Today’s review is on The Brethren by Beverly Lewis.
***THIS REVIEW DOES INCLUDE SPOILERS!!!***
Well, I did it! I completed the Annie’s People series by Beverly Lewis! It only took me about ten years to do so. I felt like this was a good conclusion to the series, although I did feel like things were wrapped up really quickly.
The Brethren picks up several days after the conclusion of The Englisher. Annie has been keeping her promise to her dad to stay away from art for six months, but she has also decided, after the concluding events of the last book, to leave her parents’ house and live with her shunned friend Esther. Meanwhile, Esther’s husband, Zeke, is in prison after turning himself in for the supposed death of his brother Isaac over 16 years ago, as well as trying to figure out why he is always so angry all the time, especially towards his wife and kids. And then there is Ben Martin, who has recently returned to his family’s home in Kentucky after living in Paradise Pennsylvania for several months, however when he returns he can’t help but feel a sort of emptiness, and not just from the fact that he is coming to terms with the facts that he and Annie will never be together. However, he then discovers the truth, he was adopted and his family kept it from him for over 15 years, with this new discovery, he decides to return to Pennsylvania to see if he can find any clues of who he was before he became Ben Martin.
I’ll admit, it’s hard writing a review for the last book in the series without giving away spoilers, so I apologize that there are some, but it would be hard for me to fully express my thoughts without doing so.
First off, Annie and her newfound independence, and her willingness to stand up to her father. But I also liked how the author shows how she struggles with leaving her faith and community, yet knows that she needs to do so in order to pursue her passion for art. Eventually she decides that her art is what her heart longs for most, and when her love, Ben, returns to town she decides to not be baptized into the Amish faith. However, there are some curve balls thrown her way that soon make her question her decision to leave her community, especially when she starts to help Ben uncover who he truly is.
Ben is happy to be reunited with Annie, the girl who he hasn’t been able to stop thinking about ever since he returned to Kentucky. I did like seeing how Ben tries to process the information about his adoption, and then goes searching for answers about who he really is. It was interesting to see how Annie is the one who starts piecing everything together, but yet I found this part to be rushed and wish more time had been spent on it, especially on Annie developing her assumption about who he is and then Ben’s acceptance of that information. Without revealing too much, although this is still pretty revealing, it made sense as to who Ben truly is, and honestly it’s not very surprising. I also liked seeing how he is soon received into the community of his childhood, even though Annie’s father, Preacher Jesse Zook, is not convinced and thinks that Ben is nothing but a charlatan.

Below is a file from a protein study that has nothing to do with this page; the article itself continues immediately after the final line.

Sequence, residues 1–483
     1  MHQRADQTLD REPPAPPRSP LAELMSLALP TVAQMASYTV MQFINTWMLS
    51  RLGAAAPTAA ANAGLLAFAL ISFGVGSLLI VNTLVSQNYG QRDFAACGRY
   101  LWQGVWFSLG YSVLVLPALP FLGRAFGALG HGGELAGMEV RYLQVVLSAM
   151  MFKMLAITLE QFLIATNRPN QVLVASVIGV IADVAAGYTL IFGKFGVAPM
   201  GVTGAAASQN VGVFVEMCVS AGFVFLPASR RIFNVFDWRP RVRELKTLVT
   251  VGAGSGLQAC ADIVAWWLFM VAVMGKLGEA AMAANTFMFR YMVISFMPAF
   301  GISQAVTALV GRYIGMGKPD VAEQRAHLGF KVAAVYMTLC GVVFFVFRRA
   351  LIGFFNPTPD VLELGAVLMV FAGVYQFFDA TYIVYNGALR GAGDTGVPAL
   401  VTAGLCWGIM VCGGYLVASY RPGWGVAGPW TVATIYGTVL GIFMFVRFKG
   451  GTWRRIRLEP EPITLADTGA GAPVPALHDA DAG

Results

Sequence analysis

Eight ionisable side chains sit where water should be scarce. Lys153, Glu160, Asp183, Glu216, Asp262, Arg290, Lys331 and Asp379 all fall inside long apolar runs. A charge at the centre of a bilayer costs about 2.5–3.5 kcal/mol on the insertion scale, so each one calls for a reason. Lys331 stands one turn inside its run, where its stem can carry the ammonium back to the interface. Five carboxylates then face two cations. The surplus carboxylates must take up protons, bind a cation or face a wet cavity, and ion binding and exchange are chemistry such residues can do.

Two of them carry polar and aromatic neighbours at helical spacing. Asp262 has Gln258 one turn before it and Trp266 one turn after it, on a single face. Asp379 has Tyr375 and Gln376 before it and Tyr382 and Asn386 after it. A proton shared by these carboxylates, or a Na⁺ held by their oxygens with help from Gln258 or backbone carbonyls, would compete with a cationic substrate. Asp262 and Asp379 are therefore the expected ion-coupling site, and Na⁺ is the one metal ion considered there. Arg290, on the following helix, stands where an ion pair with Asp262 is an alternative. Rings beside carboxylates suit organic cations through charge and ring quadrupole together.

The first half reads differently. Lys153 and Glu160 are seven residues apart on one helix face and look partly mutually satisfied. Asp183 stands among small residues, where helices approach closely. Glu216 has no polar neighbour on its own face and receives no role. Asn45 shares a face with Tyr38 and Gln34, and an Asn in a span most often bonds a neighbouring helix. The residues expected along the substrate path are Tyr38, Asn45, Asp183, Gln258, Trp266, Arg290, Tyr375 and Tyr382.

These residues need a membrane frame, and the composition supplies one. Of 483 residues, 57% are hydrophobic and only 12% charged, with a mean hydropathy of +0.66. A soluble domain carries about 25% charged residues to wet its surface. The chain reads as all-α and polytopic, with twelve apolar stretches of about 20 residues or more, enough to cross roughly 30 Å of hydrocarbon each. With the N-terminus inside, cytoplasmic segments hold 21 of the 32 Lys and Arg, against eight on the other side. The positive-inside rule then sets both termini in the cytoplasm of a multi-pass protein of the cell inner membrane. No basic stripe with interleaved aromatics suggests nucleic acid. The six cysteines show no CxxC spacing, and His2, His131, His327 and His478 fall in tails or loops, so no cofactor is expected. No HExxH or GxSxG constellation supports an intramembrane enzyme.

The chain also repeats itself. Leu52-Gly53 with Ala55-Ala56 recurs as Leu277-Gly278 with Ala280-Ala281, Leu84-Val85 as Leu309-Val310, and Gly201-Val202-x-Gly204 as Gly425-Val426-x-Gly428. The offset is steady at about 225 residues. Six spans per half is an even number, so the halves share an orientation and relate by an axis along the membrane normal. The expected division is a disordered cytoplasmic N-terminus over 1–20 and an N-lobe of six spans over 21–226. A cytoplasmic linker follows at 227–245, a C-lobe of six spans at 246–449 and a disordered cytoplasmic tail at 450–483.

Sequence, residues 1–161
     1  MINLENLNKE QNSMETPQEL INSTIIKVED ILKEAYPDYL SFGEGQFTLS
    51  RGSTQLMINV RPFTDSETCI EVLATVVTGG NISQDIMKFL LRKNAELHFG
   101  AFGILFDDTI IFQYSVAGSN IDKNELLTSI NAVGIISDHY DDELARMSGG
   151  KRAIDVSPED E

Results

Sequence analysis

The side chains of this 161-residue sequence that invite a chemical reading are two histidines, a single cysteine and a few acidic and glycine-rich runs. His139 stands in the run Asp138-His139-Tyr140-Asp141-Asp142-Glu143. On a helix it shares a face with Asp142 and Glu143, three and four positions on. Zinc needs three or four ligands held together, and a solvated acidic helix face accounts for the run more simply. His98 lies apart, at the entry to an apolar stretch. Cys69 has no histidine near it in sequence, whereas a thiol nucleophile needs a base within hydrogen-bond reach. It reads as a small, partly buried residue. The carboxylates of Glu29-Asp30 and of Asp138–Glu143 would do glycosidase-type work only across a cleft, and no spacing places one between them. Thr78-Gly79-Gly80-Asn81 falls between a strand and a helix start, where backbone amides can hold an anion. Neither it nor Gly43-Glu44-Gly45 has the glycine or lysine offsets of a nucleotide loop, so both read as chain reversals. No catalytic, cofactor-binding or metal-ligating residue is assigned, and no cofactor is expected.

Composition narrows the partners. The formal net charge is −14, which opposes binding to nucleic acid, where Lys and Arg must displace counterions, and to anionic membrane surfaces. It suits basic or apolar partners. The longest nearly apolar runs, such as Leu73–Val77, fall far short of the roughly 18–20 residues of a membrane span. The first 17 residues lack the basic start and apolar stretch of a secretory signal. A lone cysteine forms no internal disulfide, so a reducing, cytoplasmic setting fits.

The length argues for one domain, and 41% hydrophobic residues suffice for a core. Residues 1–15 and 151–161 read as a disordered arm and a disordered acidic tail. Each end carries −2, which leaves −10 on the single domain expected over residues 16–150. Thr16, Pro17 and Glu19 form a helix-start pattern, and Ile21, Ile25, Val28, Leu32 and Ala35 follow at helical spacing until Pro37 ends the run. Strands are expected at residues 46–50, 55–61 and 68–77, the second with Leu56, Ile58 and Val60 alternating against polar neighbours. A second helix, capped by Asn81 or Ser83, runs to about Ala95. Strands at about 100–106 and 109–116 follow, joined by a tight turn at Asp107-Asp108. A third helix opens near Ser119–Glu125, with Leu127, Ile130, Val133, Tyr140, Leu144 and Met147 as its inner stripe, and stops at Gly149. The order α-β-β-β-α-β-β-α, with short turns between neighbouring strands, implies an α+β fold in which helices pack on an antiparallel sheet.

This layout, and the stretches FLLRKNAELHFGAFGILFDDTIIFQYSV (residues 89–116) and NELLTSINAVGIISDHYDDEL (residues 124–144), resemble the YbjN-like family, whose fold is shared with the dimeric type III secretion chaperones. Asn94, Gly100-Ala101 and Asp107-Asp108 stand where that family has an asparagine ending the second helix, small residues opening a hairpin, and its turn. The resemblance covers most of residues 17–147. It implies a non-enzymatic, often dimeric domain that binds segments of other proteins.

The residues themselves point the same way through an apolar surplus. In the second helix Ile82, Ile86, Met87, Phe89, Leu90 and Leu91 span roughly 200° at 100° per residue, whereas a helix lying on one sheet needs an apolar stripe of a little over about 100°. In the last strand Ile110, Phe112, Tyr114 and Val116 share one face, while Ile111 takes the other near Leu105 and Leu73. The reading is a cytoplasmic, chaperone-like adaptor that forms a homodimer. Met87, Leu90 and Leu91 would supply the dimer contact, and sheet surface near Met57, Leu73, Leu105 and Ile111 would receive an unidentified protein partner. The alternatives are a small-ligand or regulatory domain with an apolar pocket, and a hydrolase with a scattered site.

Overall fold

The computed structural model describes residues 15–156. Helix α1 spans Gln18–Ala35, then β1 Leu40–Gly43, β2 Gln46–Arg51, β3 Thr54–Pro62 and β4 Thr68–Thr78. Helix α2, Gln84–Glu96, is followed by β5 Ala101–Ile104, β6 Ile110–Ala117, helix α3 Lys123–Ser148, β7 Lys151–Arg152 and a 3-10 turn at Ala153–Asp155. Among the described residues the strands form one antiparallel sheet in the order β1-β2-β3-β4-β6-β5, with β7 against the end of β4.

Then there is Louisa, I liked the little snippets that we got of her and her adjustment back to life in the “modern world” of Denver, however I felt like not enough time was spent on her, and in some ways I wish that there was a book that explores what happens to her next. There was even a major event that happens to her friend Courtney and that is just quietly swept away and never talked about again…I honestly would’ve liked more closure on what happens to her, on both of them.
And then there is Annie’s father, who comes across as cantankerous and stuck in his ways, but who can blame him, especially since he is a leader in his community. He has to deal with Esther’s claim of salvation, her husband’s Zeke confession of supposedly killing his younger brother Isaac, his daughter’s seemingly close defection from the community for the sake of her art, one of his son’s running a driving business and courting an Englisher, and then there is Ben Martin, who to him is like gum stuck on his shoe. Although he seems to treat Ben unfairly, in some ways it makes sense, especially since he is protective of his daughter, but at the same time there were definitely times when he could have showed more grace to him.
And finally, seeing Esther’s story as she deals with her husband being gone for an extended amount of time gives her an opportunity to fully embrace her new faith without his constant sneers and jabs. And well then, there is Zeke has he comes to terms with the fact that he might not necessarily be responsible for his brother’s death or disappearance, but also facing the hard reality of how he has treated his wife and kids up until this point.
Overall, as I mentioned before this was a satisfying conclusion to the story, although it did seemed rushed. I also wish some care had been given when dealing with the Amish and domestic abuse…”care” is probably the wrong word, rather I wish there had been more discussion about this even though there hadn’t been much. And it all seemed one sided. I’ll be sad to leave this cast of characters behind, but it ends on a high note that readers know that these characters go on to leave peacful and full lives, while still facing hardship along the way. 3.75/5 Stars
Janelle L. C.